Movie of the Week: Inside Man (2006)

Spike Lee directs Denzel Washington, Clive Owen and Jodie Foster in this Manhattan heist movie.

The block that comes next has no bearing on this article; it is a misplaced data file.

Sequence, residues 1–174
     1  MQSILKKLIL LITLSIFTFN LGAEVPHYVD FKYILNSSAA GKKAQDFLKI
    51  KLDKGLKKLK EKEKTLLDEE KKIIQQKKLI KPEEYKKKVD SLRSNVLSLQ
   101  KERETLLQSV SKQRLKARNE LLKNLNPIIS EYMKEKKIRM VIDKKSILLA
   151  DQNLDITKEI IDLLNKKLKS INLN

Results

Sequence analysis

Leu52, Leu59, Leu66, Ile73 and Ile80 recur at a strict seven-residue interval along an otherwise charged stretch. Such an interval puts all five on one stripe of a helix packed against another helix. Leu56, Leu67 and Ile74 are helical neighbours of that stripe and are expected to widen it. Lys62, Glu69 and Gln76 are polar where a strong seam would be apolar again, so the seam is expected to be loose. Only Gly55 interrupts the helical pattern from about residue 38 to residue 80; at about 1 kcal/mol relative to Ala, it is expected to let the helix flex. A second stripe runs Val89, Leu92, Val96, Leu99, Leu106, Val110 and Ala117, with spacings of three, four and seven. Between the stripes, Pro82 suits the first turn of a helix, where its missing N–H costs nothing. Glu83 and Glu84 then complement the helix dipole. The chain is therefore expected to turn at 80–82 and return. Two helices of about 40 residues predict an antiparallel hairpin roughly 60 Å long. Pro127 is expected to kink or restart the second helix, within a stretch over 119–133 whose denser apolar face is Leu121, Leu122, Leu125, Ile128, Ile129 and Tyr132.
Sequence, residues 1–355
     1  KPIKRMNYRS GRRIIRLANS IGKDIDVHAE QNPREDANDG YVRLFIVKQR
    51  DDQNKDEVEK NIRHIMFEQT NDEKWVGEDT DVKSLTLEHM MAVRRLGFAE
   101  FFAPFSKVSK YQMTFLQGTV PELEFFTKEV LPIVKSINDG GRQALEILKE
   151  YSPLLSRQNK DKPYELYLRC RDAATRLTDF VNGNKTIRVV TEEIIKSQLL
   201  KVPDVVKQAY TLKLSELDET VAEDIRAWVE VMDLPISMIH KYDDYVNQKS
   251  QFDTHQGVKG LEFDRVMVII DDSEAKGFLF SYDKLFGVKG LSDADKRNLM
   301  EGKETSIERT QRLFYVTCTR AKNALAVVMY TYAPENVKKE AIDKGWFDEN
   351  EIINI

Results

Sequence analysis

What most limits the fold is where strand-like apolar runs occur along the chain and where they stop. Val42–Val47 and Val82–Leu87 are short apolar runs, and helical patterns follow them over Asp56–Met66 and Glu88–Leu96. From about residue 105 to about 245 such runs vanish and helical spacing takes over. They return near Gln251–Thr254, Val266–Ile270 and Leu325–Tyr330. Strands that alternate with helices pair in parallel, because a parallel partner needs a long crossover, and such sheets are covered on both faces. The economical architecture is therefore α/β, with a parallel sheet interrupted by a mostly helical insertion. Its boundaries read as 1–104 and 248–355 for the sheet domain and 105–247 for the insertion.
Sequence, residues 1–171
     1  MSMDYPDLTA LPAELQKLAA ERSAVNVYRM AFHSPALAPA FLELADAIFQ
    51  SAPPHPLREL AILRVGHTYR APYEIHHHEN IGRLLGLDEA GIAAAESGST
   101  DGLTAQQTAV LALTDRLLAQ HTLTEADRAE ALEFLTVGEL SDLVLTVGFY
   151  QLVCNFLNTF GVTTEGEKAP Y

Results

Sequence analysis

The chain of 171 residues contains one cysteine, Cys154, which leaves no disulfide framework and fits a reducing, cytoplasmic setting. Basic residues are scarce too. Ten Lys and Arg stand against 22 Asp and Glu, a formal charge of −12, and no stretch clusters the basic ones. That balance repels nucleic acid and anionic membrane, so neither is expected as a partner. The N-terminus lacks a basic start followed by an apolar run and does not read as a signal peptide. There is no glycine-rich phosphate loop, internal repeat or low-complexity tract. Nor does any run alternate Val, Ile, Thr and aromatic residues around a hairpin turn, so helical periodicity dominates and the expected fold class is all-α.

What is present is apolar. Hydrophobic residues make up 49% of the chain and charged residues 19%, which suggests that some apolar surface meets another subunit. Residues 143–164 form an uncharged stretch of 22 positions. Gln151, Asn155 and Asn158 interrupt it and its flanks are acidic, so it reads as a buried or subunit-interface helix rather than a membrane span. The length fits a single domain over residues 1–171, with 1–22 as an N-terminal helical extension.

Spike is a director famous for his racially charged dramas and visual experimentation. Over the 1980s and 1990s he pushed how films looked and felt, he translated anger, injustice and black culture into a form that felt as valid in the multiplex and rental stores as it did the arthouse cinemas. Although Clockers and 25th Hour had shades of noir in them, Inside Man was his first purebred genre film. A Hollywood crime movie – slick, glossy, starry, twisty, action-y. If you approached as just another mid budget release you’d be happy. Denzel! Jodie! Clive! All three don’t phone it in even if they are unstretched by the material. Sometimes it is nice to see what an auteur does if the pressure is off and he just wants to make a throwaway opening weekend number one movie. Spike Lee makes a Phone Booth or a The Negotiator or a 15 Minutes. And if you are a fan of SWAT teams securing the area, well laid plans, moderate conspiracies and tense stand-offs then Inside Man will fill your Friday night better than most studio products. But you can still see Spike the Icon in every scene, he somehow still infuses his mindset and vision into this, making a five finger exercise something more than just that. Refusing to be a paycheck player, refusing to just submit a piece of hacky entertainment. We have his trademark symbolic camera moves deployed to allow us deeper into the lead’s emotional states. We have his slightly more realistic view of a diverse New York. All cultures are represented and it doesn’t seem in anyway Season 10 of Friends forced. We have his worldview that cops and robbers, bankers and power players all have villainy and hate in them. And even in a mere popcorn pusher there’s no need to “dial back the color commentary”, no need to forgive the value system where the powerful man never sees justice. Inside Man is a great con job… our bad guys pull the wool over our eyes, the good guys morph as the plot needs to get us to a satisfying closure and our director hides his agit-prop in plain sight, improving a perfectly accessible thriller through sheer force of personality.


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